I am so fortunate to have a green space to use while there are physically disabled and otherwise ill people with only poky flats without even a balcony – that is why public green spaces are so important, for mental wellbeing and bodily exercise, for social interactions with others, for children to meet other children and play, for walking that dog who is your only companion. So much of England’s ancient woods have been destroyed for our growing population, the housing, the public facilities, farming and agriculture. Land is ever more costly. In contrast, it amazes me, despite knowing how enormous Canada is, how inexpensive a piece of land costs in New Brunswick or Nova Scotia. I hope there will always be green spaces in Britain (and elsewhere too!) which would mean alternative ways of constructing housing with greener credentials (style, energy, materials, location) – and living elsewhere. Another planet, the ocean?! Sadly – alarmingly – the resources are not infinite.

Now for the photos 🙂

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Above – tomato seedlings and mystery plant.

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Above 2 – Bidens and miniature pansies.

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Above – golden/orange Tiger Lillies.

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Above – Blueberry bush.

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Above 2 – ‘Eye of the tiger’ tea roses.

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Above – Beatrix Grace aka Bumble Bee.

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Above 2 – Oscar Dandelion aka Baby Boy.

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Above – Chester aka Chester-Pup (she’s 12 years old now), and, Sweety Pie.

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Above – Poppy Cream Scone and Nutmeg.

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Above – Twiglet Art (Art as in art itself) aka Wiggerly.

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Above – Beatrix, CoCo and Twiglet.

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Above – John.

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The last day we sat outside with Nutmeg.

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Above – I love these two photos of Chester. She just ‘posed’ so naturally, with no coercing from me.

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Thursday she went to the vet because of her lump. We last went in December. We asked for a blood test which came back showing her in top health – so we can go ahead with removing it. Even if it’s benign now it can always change to cancerous. I don’t need to know the state of the lump as having it removed, but, her lungs will be x-rayed.

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Copyright Faith McCord 2020

Story and artwork belongs to Faith McCord who is the author and artist holding the copyright. This is not a public domain work. Worldwide rights.

Posted in dogs, life, plants | Tagged , , , , , , , , , , , , , , , , , , , , , , , , , , , , , | 12 Comments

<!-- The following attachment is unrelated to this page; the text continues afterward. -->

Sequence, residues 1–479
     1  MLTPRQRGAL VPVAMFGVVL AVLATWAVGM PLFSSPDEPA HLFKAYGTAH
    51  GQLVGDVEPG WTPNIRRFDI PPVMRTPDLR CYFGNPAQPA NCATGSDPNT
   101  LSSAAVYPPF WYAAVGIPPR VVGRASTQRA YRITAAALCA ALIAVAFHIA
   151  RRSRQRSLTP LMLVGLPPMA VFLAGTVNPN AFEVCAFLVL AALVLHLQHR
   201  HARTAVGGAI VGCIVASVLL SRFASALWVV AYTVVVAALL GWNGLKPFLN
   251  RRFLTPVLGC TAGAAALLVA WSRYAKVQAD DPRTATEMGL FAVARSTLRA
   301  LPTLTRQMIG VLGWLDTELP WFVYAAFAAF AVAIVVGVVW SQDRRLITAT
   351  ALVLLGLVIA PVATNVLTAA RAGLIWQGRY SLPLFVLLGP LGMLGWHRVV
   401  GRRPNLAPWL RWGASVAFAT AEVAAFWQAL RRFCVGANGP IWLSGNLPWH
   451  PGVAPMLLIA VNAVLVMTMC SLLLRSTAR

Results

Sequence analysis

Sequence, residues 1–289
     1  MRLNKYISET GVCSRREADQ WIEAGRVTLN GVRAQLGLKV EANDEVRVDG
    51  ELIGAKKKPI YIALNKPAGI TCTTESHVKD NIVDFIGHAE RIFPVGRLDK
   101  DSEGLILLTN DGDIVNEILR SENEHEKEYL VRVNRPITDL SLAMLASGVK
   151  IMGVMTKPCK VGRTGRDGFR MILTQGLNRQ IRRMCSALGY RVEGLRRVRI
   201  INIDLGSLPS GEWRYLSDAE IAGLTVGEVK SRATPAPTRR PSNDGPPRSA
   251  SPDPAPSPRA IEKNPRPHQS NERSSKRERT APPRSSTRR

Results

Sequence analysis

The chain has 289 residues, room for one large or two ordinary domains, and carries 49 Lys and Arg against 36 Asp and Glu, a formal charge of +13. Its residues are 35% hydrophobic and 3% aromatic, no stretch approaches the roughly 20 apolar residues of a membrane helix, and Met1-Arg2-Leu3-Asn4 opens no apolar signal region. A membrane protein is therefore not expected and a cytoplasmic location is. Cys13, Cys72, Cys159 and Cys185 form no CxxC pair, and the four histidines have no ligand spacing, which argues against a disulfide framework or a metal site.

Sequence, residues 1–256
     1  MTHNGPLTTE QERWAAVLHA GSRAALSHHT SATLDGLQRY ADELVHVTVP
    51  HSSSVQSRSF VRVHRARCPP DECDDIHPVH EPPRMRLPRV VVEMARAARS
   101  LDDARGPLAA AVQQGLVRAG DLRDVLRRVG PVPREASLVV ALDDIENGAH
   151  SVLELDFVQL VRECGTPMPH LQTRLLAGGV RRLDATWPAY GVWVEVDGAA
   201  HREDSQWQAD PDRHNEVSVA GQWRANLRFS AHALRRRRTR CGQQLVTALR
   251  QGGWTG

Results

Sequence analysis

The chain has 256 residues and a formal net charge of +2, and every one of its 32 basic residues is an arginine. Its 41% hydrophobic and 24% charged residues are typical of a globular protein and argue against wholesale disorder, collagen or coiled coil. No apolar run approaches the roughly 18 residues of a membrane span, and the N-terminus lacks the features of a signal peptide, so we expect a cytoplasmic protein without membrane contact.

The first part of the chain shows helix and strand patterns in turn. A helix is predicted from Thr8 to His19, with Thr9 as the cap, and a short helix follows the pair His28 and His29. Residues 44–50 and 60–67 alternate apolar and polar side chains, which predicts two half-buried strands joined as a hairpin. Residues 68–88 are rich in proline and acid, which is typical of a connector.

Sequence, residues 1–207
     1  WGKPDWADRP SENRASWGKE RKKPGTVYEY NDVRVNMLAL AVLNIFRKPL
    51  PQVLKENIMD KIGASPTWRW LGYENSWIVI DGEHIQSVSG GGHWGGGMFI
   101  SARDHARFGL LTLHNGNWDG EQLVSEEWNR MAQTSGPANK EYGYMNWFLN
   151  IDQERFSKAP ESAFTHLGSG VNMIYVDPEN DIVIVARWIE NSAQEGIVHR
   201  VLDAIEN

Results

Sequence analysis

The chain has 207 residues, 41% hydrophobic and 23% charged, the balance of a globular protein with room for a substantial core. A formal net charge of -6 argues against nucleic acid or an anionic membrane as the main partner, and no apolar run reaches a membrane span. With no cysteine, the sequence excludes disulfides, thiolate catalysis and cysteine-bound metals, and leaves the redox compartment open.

Nutmeg (beloved pet bereavement)

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Feeling sad today because my little rabbit, Nutmeg, hopped off to heaven yesterday (Tuesday 23rd June 2020). He had a wonderful, sweet character; every time you went into the utility room he greeted you, bounding up to the cage bars to say hello with his soft “beep, beep, beep.” Most times he got a gentle pat on the head or, if busy with something, I just pressed my hand up to the bars where he was. It wasn’t about food or treats it was simply because he liked us. I’ve never known a rabbit call me before.

John knew something was up, Nutmeg wasn’t greeting him, instead he lay on his side. He picked him up and put him in the large run at the bottom of the garden, a bowl of water by his side and although the light was dappled by the overhead trees, he put something over the top for additional shade. It was quite a hot day. The past week he seemed to be slower than usual and I didn’t want to think he may go soon. We sat, together with the dogs, near him. We both thought he was dying – at 5 years and 7 months, it could be expected. Rabbits don’t have long life spans.

John placed him gently via the roof flap into the run and Nutmeg hopped off to a far corner, where he lay. Now and again I watched him for signs of breathing. Some time later, about an hour, I asked John’s help in watering the plants because I’m unable to hold large watering cans and buckets due to my injuries. When we returned, half an hour later, he had gone.

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Some wouldn’t understand pet bereavement, especially with a rabbit. But Nutmeg was special and he’ll be greatly missed.

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Copyright Faith McCord 2020

Story and artwork belongs to Faith McCord who is the author and artist holding the copyright. This is not a public domain work. Worldwide rights.

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Garden + patio plants (photos)

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12th June 2020

Photos I took of a fruit tree, Foxglove and garden/patio plants. Ought to be placed between the photos of the 2nd and 20th June 2020. Whoops!